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Applied Bionics and Biomechanics
Volume 2018, Article ID 9846293, 6 pages
https://doi.org/10.1155/2018/9846293
Research Article

CMM-Based Volumetric Assessment Methodology for Polyethylene Tibial Knee Inserts in Total Knee Replacement

1School of Mechanical and Automobile Engineering, Changzhou Institute of Technology, Changzhou, Jiangsu 213032, China
2School of Mechanical and Electrical Engineering, Hohai University, Changzhou, Jiangsu 213022, China
3Leeds Joint School, Southwest Jiaotong University, Chengdu, Sichuan 611756, China

Correspondence should be addressed to Wei Jiang; nc.ude.tsuzc@iewj

Received 3 November 2017; Revised 16 January 2018; Accepted 19 February 2018; Published 10 April 2018

Academic Editor: David Vokoun

Copyright © 2018 Wei Jiang et al. This is an open access article distributed under the Creative Commons Attribution License, which permits unrestricted use, distribution, and reproduction in any medium, provided the original work is properly cited.

Abstract

Total knee replacement is a common surgical procedure in orthopaedics. Accurate volumetric wear assessment of the polyethylene knee inserts has been an essential subject for improving the longevity. A new CMM-based methodology was presented to determine volumetric material loss based on curve surface fitting without prewear data, CAD model, or original design of drawings. Both computational and experimental simulated volume removal tests were run to validate the methodology by comparing with the gravimetric measurements. The volume and linear wear of the tibial inserts were calculated using the presented method based on the coordinates acquired by the CMM. The results indicate that the methodology is adequate for clinically retrieved tibial inserts where no prewear data are provided. This technique can also be used for biotribological study of other polyethylene components, since wear and damage can be assessed visually and volumetrically.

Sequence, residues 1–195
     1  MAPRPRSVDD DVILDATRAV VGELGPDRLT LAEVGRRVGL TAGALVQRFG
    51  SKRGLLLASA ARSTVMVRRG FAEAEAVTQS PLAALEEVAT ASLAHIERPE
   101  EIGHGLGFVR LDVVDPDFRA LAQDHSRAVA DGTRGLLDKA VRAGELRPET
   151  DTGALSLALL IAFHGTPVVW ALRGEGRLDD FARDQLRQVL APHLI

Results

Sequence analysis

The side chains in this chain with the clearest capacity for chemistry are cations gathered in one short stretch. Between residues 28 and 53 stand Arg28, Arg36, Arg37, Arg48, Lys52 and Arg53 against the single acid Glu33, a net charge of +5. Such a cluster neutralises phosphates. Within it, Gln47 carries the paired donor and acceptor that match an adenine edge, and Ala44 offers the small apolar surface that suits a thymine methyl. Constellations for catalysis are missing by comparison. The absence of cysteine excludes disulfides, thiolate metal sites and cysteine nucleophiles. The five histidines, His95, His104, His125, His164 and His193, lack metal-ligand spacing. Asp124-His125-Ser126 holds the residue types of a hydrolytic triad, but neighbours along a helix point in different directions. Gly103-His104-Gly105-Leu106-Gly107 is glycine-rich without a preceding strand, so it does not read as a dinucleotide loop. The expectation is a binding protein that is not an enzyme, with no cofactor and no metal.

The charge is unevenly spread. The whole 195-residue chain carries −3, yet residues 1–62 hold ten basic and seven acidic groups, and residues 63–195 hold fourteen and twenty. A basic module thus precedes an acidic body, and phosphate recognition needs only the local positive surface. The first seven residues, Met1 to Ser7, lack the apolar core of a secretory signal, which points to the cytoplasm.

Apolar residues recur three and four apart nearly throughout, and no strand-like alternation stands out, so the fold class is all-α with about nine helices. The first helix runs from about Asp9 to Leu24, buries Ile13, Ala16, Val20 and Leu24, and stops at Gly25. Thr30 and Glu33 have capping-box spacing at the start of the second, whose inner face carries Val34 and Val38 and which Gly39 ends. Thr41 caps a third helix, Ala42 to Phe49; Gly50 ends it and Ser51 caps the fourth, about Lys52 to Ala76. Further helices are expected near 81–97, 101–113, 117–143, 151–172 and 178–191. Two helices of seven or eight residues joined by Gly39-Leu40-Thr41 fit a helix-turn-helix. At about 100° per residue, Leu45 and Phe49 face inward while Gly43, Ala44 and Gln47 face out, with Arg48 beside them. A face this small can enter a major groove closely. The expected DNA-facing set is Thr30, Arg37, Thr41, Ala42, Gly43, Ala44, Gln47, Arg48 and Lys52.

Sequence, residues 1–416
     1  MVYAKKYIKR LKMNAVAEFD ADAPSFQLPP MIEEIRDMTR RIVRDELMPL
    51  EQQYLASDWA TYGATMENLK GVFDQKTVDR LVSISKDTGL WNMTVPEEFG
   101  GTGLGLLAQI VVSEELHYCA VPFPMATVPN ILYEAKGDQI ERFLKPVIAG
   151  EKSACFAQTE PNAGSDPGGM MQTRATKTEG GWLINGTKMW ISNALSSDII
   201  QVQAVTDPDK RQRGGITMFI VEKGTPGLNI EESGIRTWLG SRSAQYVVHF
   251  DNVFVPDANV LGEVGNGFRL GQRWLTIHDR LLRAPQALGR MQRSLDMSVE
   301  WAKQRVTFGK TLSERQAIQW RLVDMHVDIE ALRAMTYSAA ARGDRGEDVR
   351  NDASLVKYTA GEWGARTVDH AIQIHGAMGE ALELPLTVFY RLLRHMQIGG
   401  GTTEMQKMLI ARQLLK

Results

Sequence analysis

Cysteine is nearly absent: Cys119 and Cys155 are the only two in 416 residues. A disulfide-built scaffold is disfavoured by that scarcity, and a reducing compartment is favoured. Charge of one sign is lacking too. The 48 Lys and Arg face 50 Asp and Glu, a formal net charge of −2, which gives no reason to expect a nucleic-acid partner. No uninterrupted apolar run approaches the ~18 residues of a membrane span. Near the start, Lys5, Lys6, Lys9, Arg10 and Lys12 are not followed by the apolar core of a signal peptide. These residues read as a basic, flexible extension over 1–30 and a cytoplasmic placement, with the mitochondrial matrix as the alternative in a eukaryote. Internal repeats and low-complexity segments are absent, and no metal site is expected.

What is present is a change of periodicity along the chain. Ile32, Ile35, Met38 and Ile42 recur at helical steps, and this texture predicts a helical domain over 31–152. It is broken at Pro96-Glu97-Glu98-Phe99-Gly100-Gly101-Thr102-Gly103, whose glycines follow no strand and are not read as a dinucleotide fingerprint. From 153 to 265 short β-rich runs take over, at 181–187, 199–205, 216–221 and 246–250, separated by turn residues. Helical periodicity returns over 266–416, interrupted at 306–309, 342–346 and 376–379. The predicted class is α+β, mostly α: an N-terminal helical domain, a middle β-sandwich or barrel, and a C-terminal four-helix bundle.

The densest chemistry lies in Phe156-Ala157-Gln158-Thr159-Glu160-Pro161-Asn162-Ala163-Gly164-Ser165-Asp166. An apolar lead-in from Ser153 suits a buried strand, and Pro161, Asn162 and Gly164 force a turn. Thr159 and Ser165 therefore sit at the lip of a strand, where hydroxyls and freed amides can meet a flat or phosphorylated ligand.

1. Introduction

Total knee replacement (TKR) is being widely used as a successful and effective treatment of degenerative knee joint diseases, about 80 percent of which were carried out because of osteoarthritis of the knee, and the number of knee replacement operations is increasing every year worldwide [1]. CoCrMo alloy, ultra-high molecular weight polyethylene (UHMWPE), and more recently, ceramics are used in the prosthesis manufacturing process for reducing the wear and improving the longevity of implants thanks to their significant advantages in terms of low friction coefficient and good antiwear property. However, wear of polyethylene bearing component is a major problem in total knee replacement, and studies have shown that about 16 percent of knees fail due to polyethylene wear [2]. Therefore, accurate wear assessment of the polyethylene knee inserts has been an essential subject for improving the longevity [3]. Wear measurement methodologies become critically important if differentiations with respect to materials and design are sought when geometry change is small, which can consist of both wear and creep. There are many methods of determining the volume loss of polyethylene in the hip, knee, and spine either using contact or noncontact procedures. Volumetric measurements are commonly performed using tactile coordinate measuring machines (CMM) [46] or noncontact techniques such as micro X-ray computed tomography (CT) [7] and gravimetric method [8, 9]. CMM has been proved to be an accurate technique for volumetric assessment [10, 11]; however, CMM measurement can induce deformations on polymeric-bearing components due to clamping and probing forces [12]. The aim of this study was to develop a novel methodology based on three-dimensional (3-D) geometry acquired by means of a tactile CMM to determine volumetric material loss of polyethylene tibial knee inserts and validate its effectiveness on the basis of computational and experimental studies of simulated volume removal tests.

2. Materials and Methods